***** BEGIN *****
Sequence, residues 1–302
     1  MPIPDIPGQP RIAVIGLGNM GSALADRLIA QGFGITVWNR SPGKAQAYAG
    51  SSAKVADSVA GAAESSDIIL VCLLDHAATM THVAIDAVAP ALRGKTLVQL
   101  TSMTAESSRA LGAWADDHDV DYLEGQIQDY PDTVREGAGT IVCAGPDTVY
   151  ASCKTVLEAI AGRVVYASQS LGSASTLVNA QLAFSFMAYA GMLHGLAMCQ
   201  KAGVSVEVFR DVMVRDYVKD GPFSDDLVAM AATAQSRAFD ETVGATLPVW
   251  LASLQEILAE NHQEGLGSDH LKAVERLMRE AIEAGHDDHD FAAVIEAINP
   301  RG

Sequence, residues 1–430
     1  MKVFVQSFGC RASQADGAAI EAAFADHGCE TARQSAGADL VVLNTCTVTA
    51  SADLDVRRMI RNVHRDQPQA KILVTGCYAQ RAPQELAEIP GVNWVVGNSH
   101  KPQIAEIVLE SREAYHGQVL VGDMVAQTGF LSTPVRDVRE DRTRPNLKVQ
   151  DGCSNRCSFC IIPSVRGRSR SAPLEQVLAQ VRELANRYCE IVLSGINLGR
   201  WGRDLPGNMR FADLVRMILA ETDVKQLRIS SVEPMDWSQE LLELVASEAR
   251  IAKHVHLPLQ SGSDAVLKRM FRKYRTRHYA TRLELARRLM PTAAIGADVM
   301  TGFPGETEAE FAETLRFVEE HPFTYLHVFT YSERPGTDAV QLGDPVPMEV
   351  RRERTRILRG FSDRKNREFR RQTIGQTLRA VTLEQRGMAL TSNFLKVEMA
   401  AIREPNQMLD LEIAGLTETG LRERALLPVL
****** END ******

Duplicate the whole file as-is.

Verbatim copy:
Sequence, residues 1–302
     1  MPIPDIPGQP RIAVIGLGNM GSALADRLIA QGFGITVWNR SPGKAQAYAG
    51  SSAKVADSVA GAAESSDIIL VCLLDHAATM THVAIDAVAP ALRGKTLVQL
   101  TSMTAESSRA LGAWADDHDV DYLEGQIQDY PDTVREGAGT IVCAGPDTVY
   151  ASCKTVLEAI AGRVVYASQS LGSASTLVNA QLAFSFMAYA GMLHGLAMCQ
   201  KAGVSVEVFR DVMVRDYVKD GPFSDDLVAM AATAQSRAFD ETVGATLPVW
   251  LASLQEILAE NHQEGLGSDH LKAVERLMRE AIEAGHDDHD FAAVIEAINP
   301  RG

Sequence, residues 1–430
     1  MKVFVQSFGC RASQADGAAI EAAFADHGCE TARQSAGADL VVLNTCTVTA
    51  SADLDVRRMI RNVHRDQPQA KILVTGCYAQ RAPQELAEIP GVNWVVGNSH
   101  KPQIAEIVLE SREAYHGQVL VGDMVAQTGF LSTPVRDVRE DRTRPNLKVQ
   151  DGCSNRCSFC IIPSVRGRSR SAPLEQVLAQ VRELANRYCE IVLSGINLGR
   201  WGRDLPGNMR FADLVRMILA ETDVKQLRIS SVEPMDWSQE LLELVASEAR
   251  IAKHVHLPLQ SGSDAVLKRM FRKYRTRHYA TRLELARRLM PTAAIGADVM
   301  TGFPGETEAE FAETLRFVEE HPFTYLHVFT YSERPGTDAV QLGDPVPMEV
   351  RRERTRILRG FSDRKNREFR RQTIGQTLRA VTLEQRGMAL TSNFLKVEMA
   401  AIREPNQMLD LEIAGLTETG LRERALLPVL